Like most Zimbabweans living in the UK, I was baffled by the UK Government’s ill-timed decision to consider forced removals to Zimbabwe. I find it ironic that the Government claims its decision reflects the new reality in Zimbabwe following the formation of a new government in the country last year. If anything, it revealed to me just how out of step the UK Government is with the fast-paced political developments in Zimbabwe.
For starters, Prime Minister Morgan Tsvangirai and Cabinet Ministers from his MDC party have begun boycotting the power sharing arrangement. They’re protesting at the escalation of state-sanctioned intimidation and violence against their party officials and supporters, and against Mugabe’s resistance to political reforms. In characteristic fashion, Mugabe’s party has responded by doing more of the same. Amnesty International warned this week that Zimbabwe is on the brink of sliding back into the post-election violence that marred the country last year.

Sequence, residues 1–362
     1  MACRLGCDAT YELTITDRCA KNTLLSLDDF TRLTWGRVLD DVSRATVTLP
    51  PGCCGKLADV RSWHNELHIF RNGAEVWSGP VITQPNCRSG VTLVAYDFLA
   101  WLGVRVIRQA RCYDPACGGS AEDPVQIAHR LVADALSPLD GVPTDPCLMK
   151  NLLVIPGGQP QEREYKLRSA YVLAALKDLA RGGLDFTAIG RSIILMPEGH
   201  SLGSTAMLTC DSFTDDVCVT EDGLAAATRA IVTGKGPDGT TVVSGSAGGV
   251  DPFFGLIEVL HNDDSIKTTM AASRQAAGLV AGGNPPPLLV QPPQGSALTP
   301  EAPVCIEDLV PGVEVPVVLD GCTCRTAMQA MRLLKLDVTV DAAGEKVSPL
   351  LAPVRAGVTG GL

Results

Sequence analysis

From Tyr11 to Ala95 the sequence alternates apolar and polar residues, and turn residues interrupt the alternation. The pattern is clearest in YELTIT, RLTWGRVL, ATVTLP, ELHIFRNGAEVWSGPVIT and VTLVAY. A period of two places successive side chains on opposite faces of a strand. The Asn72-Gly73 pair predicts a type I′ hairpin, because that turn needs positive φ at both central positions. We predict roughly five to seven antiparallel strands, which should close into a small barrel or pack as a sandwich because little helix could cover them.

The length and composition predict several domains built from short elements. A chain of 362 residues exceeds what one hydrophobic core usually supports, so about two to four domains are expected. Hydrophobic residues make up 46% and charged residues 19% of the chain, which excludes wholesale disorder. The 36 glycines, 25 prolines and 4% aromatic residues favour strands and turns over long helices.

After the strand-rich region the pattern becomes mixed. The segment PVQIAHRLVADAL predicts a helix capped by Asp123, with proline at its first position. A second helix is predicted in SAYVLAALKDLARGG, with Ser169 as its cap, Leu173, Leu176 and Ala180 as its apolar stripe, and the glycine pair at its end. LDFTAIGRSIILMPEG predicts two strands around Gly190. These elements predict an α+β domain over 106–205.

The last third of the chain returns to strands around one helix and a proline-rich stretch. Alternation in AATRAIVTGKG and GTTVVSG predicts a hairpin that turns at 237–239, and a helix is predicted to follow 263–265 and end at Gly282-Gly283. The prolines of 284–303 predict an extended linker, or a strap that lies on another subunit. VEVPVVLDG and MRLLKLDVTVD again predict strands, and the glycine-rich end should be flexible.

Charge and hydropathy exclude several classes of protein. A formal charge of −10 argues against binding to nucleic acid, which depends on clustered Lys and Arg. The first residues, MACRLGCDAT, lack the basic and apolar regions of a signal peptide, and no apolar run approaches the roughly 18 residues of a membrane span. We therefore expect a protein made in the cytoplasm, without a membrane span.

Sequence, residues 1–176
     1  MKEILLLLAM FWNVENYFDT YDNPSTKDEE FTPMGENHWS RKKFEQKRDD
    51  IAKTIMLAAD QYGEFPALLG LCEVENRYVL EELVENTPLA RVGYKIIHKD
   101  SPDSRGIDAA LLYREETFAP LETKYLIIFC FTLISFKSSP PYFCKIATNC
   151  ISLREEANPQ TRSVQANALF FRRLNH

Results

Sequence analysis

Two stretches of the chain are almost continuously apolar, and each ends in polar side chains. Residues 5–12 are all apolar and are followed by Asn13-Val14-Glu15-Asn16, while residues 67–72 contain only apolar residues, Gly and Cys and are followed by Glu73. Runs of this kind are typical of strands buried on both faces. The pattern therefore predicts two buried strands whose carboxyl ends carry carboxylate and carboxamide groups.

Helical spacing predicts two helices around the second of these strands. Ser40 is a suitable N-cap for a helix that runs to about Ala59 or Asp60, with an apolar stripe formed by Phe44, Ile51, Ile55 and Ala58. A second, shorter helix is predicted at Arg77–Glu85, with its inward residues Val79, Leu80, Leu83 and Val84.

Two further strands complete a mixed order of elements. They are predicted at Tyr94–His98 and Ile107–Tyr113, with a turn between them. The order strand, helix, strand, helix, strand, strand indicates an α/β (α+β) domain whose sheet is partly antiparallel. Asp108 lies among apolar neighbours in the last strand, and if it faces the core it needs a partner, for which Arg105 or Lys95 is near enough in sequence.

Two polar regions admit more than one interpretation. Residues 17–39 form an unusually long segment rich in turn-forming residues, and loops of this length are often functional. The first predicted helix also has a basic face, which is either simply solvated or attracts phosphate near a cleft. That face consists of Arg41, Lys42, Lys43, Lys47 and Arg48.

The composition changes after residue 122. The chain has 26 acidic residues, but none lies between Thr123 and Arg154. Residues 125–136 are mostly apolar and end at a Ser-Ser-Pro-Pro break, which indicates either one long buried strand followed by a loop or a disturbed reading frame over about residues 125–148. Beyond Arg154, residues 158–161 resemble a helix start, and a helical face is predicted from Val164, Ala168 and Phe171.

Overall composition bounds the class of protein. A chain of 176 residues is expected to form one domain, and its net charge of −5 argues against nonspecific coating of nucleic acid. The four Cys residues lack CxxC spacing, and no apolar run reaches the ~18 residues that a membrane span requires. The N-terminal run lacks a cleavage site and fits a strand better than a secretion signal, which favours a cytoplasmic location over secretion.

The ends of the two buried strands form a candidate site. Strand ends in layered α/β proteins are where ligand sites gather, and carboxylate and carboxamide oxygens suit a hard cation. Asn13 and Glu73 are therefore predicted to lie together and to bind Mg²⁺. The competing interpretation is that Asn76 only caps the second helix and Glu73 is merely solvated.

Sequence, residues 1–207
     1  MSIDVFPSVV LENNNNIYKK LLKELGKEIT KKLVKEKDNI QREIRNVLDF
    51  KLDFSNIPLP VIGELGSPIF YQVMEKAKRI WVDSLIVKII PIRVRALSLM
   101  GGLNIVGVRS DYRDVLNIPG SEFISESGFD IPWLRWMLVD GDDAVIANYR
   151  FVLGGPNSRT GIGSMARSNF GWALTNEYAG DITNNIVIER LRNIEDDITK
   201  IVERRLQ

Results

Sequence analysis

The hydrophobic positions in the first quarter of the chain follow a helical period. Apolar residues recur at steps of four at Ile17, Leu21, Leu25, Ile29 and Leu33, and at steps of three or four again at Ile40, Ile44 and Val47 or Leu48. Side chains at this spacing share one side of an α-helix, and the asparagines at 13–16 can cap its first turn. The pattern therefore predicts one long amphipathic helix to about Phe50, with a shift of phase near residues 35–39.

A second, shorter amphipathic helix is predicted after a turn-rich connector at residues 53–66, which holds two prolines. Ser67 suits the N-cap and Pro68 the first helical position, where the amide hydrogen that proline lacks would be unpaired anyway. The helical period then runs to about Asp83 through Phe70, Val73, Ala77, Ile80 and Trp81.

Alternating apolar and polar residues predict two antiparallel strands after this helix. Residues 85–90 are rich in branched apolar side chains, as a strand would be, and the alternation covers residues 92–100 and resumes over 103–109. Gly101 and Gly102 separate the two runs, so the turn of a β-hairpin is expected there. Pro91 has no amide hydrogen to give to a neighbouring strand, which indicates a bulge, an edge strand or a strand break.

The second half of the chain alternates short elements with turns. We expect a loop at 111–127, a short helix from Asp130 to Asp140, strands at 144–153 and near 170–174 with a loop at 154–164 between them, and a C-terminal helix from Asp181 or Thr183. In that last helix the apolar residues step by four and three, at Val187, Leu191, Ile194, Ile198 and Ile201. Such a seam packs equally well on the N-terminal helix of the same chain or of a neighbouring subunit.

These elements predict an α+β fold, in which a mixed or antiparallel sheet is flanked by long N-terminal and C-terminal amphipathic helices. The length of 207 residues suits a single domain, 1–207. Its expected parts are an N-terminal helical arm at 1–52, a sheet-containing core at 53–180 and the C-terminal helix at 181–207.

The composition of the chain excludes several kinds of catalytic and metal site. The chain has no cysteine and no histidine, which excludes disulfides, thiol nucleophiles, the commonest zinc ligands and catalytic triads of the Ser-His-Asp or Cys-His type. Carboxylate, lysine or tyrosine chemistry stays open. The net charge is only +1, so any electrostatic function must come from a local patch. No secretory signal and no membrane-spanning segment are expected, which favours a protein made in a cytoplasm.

On top of that, to demonstrate its cavalier attitude to the international community, Mugabe’s government barred the United Nations Special Rapporteur on torture Manfred Novak from entering the country even though he had been invited by Prime Minister Tsvangirai. This incident made it clear where real power still lies in Zimbabwe. And as the Novak himself observed, there were clearly parts of the government who did not want him to assess “the current conditions of torture”.
With internecine conflict wrecking the power sharing arrangement amidst reports of rising repression across the country, it is a great shock to many Zimbabweans here that the UK Government should decide to reinstate its returns policy. The enhancements to the voluntary returns package available to Zimbabweans are of course welcome. However, it is important to allow people to choose to return freely without the implicit stick of forced removal hovering above them.